After a historic election that saw them gain a supermajority, PA Senate Republicans are apparently attempting to increase their majorities in crucial legislative committees.

Sources familiar with ongoing negotiations between Senate leaders in both parties told City&State that Republican Majority Leader Jake Corman may be looking to erode Democratic representation in all Senate standing committees, citing precedent.

Corman declined to comment. 

A staffer for Republican Senate President Pro Tempore Joe Scarnati said no final decisions would be made until the Senate reconvenes on Jan. 23, but acknowledged the majority party had recently explored expanding its hold on the chamber’s committees.

“At this time, committees are still being discussed and no official decision has been made,” said Katie Eckhart, Scarnati’s assistant director for legislative affairs. “In the past, committee structure has been based on precedent. Last session, we went back and looked at the number of committee members, and saw that it was based on [party] representation in the Senate.”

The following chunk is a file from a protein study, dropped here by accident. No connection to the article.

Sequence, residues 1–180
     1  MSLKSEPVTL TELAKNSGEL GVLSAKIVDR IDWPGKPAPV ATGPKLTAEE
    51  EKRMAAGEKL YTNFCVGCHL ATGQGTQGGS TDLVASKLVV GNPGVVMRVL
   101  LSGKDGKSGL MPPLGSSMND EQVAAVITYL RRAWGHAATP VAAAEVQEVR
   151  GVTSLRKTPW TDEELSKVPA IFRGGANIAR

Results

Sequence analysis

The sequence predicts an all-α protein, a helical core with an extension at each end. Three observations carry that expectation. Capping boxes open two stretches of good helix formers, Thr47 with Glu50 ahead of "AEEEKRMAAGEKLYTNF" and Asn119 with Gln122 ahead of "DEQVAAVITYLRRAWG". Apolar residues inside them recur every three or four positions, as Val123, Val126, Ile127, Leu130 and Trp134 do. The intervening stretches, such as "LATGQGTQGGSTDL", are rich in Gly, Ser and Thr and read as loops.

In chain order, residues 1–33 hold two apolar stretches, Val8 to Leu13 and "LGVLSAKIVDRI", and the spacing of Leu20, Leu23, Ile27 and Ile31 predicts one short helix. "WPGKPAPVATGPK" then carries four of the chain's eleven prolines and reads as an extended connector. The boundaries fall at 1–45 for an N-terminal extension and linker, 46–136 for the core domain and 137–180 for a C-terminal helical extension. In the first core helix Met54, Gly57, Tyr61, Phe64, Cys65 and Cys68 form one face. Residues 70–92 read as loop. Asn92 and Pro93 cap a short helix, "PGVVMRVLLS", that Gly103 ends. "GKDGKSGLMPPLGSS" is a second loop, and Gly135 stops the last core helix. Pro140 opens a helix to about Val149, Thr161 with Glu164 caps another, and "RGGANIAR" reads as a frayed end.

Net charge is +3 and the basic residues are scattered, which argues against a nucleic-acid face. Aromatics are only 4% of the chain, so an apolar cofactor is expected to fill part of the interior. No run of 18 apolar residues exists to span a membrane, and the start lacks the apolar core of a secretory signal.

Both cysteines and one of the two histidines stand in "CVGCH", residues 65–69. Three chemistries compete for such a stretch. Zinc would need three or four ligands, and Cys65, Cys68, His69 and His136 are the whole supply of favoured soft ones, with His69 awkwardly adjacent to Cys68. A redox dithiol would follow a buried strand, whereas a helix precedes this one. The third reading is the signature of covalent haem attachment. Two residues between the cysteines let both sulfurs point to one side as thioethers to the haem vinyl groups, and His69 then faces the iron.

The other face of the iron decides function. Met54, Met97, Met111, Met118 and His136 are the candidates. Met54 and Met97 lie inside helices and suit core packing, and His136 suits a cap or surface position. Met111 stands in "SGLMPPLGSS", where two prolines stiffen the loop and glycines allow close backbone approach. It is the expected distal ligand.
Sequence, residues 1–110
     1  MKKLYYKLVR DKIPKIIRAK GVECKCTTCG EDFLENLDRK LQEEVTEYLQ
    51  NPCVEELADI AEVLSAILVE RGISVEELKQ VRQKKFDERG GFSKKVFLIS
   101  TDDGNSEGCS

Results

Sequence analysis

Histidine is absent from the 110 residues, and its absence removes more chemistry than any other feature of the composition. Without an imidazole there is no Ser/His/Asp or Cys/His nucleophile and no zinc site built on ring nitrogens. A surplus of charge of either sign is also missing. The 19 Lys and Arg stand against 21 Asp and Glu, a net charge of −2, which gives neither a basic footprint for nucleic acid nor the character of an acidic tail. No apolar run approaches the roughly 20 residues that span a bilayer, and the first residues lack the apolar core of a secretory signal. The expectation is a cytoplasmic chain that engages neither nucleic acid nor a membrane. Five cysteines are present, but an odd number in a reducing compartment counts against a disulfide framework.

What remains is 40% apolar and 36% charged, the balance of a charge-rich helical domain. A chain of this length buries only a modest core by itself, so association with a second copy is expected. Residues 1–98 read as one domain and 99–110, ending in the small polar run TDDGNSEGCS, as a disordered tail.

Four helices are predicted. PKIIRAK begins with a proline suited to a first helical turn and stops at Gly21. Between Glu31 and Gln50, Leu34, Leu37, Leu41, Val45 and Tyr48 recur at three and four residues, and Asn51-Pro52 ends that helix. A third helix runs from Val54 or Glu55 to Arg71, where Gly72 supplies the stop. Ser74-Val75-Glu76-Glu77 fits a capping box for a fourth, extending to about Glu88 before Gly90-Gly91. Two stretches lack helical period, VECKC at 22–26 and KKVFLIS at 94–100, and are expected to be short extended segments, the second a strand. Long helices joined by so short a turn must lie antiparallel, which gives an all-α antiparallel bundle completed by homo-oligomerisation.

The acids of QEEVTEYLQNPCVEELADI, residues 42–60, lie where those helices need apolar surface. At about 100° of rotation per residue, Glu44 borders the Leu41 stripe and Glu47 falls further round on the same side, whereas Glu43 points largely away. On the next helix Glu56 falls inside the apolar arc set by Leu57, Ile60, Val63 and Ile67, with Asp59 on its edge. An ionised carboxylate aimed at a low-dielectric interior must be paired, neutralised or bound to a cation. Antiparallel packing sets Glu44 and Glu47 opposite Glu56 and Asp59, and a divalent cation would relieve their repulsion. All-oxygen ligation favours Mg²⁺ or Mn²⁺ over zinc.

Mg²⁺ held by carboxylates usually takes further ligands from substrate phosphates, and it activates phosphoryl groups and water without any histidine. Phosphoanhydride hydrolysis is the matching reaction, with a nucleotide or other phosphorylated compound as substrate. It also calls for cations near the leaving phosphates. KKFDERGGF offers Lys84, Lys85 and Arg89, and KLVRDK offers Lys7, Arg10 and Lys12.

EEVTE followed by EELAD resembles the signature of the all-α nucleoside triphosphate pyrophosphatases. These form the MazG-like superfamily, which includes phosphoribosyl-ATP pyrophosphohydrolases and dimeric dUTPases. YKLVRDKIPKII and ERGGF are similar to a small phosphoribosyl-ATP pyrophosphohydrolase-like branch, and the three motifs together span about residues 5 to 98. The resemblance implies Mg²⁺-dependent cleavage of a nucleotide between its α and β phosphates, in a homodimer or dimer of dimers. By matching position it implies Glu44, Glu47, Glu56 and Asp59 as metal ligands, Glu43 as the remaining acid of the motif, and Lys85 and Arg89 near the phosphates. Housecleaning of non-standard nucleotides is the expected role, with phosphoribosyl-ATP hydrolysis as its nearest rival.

Other Senate staffers referred to Senate Rule 14(1), which states that “the composition of each Standing Committee shall reasonably reflect the caucus composition of the Senate membership.” 

The Senate president is empowered to determine the party composition of 22 standing committees, which cover topics from transportation to economic development.

Committee members debate whether to advance newly introduced legislation. Some include as many as 23 legislators, although the vast majority number between 10 to 13, with Scarnati serving as an ex officio voting member on all committees, with some exceptions.

The proposed changes, if realized, would represent a mostly academic consolidation of the sweeping GOP majority in the state Senate, where Democrats hold just 16 of 50 seats, or 32 percent. Republicans already hold an 6-4 or 8-5 majority over Democrats in most Senate committees. For a 13-member committee, this could mean swapping out a Democratic senator in favor of a Republican, according to Senate Rule 14(1) or adding Republican member.

A spokesperson for the state Democratic Party did not respond to a request for comment by press time.